Notes From Hairenik
The Armenian Weekly just published an article that I wrote about the current political climate in Armenia, which I ordinarily do not discuss on this blog, and I mention what the Armenian opposition is doing (or rather not doing) about stopping the protocols.

I have been trying to refrain from focusing on political issues on this blog because I wanted to get away from politics here, redirecting readers to my other blog, Footprints, which is sponsored by Hetq Online. But I will just mention here briefly that I think the protocols are detrimental to Armenia's statehood and the future of the Armenian nation for several reasons.

In any case, if Armenian politics doesn't bore you, please read the article and check out Footprints. Feel free to write whatever is on your mind either for or against the protocols in the comments section below.

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4 Comments:
Blogger Yours Truly said...
Don't you think that it's time for the Armenians to get down from their high horse? Currently the geopolitical situation in Caucasus is interesting, to say the least but the situation is not as dire as in your garden variety Middle East hot spot. And the region has the propensity go super nova and become one of those red dots in CIA fact book. But at the same time if someone has the dignity and the strength to stop yanking on their length of the rope in this dimwitted tug of war the whole region can cool down a little. Yep Armenians were massacred and swindled out of their lands, to forget that is a crime to say the least. But you are not obliged to remind everyone, everywhere, all the time.
Lots of Armenians are banging on about "never relenting until we get our lands back". Can’t you see how ridiculous it is to take this stance? Reality check folks, under current circumstances and accounting that there won’t be radically twisted political changes in Caucasus, Armenia will never get the lands pack. PERIOD. You think the rest of the world cares about you and someone will rush to your help? It’s time to roll up the sleeves, bend down and take one for the team.
What I see is progress in those protocols. Firstly, because there are mutual talks about the genocide now. Yes, it’ll take decades to come to a unanimous conclusion that it did happen but it’s worth it. Secondly Armenia won’t be so isolated and it’ll promote greater commerce and that’s good because not tanks not peaceful demonstrations guarantee peace but cold hard salt of the earth business. Look at the EU, most of it’s members were feuding for hundreds of years but after the WWII they started working together and you know what? Brits and Frenchies still hate each other but they’re not looking at the other side through a gun sight.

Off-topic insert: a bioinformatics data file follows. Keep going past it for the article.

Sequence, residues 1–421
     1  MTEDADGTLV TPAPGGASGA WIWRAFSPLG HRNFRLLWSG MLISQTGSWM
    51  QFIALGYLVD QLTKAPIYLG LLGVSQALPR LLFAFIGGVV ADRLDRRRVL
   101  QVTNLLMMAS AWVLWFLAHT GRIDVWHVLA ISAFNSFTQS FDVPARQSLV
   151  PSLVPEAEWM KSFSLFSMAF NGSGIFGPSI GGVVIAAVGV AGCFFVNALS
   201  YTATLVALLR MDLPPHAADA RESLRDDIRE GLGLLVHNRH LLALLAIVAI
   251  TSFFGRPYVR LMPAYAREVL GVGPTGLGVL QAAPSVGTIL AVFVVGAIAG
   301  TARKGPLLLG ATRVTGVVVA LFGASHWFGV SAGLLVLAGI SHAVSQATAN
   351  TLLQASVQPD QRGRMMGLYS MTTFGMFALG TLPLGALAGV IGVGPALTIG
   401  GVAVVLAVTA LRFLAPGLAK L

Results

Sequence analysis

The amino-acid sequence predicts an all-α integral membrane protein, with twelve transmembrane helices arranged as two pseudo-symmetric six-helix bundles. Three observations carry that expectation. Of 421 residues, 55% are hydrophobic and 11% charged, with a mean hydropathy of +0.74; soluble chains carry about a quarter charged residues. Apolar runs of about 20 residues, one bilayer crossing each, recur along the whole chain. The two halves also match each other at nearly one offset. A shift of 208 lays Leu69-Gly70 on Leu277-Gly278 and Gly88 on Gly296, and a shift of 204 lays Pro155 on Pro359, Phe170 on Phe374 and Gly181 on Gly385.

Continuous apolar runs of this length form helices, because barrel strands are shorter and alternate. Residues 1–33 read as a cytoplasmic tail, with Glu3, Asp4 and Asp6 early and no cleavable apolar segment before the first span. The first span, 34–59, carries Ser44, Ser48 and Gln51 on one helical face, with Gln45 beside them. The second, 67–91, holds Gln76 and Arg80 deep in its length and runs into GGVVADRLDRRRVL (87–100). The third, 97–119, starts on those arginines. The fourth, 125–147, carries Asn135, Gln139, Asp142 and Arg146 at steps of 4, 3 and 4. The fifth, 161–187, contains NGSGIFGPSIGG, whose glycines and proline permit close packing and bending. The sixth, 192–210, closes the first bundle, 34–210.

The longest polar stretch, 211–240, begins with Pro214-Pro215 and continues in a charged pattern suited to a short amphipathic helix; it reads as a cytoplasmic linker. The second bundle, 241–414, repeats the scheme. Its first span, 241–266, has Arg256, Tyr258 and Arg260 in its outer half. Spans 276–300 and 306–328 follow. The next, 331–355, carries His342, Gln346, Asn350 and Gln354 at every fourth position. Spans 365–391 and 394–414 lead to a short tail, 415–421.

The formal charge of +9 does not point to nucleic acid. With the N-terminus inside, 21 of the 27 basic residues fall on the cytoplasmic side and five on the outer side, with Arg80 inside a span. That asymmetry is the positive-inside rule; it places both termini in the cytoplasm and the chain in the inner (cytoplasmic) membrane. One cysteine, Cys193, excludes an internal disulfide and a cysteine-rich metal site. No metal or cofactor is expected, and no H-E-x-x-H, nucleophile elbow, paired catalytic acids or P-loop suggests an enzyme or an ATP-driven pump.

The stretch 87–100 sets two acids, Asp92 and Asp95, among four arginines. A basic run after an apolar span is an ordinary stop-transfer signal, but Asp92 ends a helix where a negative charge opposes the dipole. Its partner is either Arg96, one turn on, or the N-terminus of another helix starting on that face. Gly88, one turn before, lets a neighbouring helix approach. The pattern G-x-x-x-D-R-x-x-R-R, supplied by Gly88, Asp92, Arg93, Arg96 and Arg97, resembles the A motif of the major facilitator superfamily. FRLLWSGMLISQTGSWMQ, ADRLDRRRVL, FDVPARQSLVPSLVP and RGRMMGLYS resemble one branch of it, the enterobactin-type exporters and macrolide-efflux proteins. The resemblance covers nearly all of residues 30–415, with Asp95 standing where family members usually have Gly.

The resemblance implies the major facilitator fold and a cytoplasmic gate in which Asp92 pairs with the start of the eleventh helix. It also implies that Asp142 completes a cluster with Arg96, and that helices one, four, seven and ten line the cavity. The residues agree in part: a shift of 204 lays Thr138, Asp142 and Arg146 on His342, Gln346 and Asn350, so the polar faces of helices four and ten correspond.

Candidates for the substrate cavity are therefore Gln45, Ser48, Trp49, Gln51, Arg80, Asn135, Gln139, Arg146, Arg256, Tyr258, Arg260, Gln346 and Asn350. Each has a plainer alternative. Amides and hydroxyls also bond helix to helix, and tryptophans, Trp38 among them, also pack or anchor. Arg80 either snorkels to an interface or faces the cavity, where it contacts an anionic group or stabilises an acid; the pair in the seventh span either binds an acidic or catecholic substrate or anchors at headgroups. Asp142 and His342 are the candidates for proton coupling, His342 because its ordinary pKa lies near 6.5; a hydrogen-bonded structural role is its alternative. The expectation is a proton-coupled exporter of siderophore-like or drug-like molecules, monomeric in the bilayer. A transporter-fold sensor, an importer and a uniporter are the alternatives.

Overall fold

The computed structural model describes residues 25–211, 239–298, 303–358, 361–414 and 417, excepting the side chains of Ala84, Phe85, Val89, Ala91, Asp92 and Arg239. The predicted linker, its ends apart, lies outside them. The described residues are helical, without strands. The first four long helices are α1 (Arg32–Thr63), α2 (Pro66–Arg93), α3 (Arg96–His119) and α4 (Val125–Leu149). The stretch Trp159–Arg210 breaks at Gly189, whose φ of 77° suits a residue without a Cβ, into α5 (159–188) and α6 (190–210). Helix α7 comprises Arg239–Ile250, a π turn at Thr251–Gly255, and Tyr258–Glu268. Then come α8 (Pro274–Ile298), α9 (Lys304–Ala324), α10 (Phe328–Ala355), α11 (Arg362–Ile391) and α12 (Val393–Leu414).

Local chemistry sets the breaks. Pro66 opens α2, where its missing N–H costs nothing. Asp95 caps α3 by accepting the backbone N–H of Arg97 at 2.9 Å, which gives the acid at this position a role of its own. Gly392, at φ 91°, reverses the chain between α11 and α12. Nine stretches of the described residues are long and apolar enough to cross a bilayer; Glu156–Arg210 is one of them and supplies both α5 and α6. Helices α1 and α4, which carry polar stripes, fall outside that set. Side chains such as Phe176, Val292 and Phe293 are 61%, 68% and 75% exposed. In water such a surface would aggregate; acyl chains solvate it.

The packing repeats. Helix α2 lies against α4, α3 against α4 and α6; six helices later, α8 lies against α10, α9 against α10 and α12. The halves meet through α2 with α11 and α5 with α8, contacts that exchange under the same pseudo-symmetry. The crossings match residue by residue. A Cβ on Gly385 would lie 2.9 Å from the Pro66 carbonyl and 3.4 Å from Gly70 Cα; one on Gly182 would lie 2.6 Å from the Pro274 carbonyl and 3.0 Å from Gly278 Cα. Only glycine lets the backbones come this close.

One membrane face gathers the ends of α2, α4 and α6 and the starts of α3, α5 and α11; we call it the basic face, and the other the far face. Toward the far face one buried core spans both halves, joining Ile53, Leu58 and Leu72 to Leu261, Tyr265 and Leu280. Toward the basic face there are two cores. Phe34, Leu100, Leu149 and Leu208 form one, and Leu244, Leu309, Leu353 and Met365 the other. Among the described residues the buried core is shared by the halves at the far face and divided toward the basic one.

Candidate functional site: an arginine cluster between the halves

Blogger Christian Garbis said...
Well, I think you have to do a better job in examining history before you can belittle Armenian calls for genocide recognition and the return of historic lands to Armenian control. If you actually read the protocols, you will realize that there really isn't anything in Armenia's favor described in them. And I obviously don't think that to "bend down and take one for the team" will be beneficial to Armenia's long-term geostrategic and socioeconomic interests. Millions of people round the world who are of the same option will agree with me.

Blogger Yours Truly said...
Well millions of people around the globe believe that there are brainwashed spirits of alien beings incrusted in our minds but that doesn’t make it true. So what do you think would be an ideal solution? Because I don’t think you’re gullible enough to believe that Armenians stand the chance of getting the lands back in the near future. And two: I’m pretty certain that in the depth of your heart of hearts you know that only ones that actually care about the recognition of the genocide are the Turks and Armenians. So yeah my thoughts can seem unfavorable to Armenians but in my opinion it’s the only short term non- violent solution that can actually push out Armenia out of isolation.

Blogger Christian Garbis said...
How exactly is Armenia in isolation? Economically it isn't as it is able to import anything it needs via Georgia (from Turkey) and Iran by land routes. It has more than friendly relations with Georgia, Iran and especially, Russia. Armenians have been surviving and are doing quite well for themselves despite their untrustworthy, insincere and completely unreliable neighbors to their immediate east and west that have blockaded Armenia since the early 1990s.

The term "isolation" regarding Armenia is a word that the west loves to use to make Armenia look weak and poor in the eyes of the world. Fact is, the poor and underprivileged will not have better lives with an opened border with Turkey. Only the rich Armenians will become wealthier, and they will eventually be bought out by their Turkish rivals. These protocols will only secure Armenia's dependence on a historically hostile neighbor which wants nothing more than to impose its hegemony and bring Armenia to its knees economically, politically and socially. It's already succeeding in doing just that even with a closed border--Armenian consumers is highly dependent on Turkish goods which floods the Armenian marketplace. Open the border under the vague conditions stipulated in the protocols and Armenian businesses will eventually wither away, unable to compete.

If a closed border indeed means that Armenia is in isolation (which it is not), then so be it. Better to be isolated than undermined and weak.

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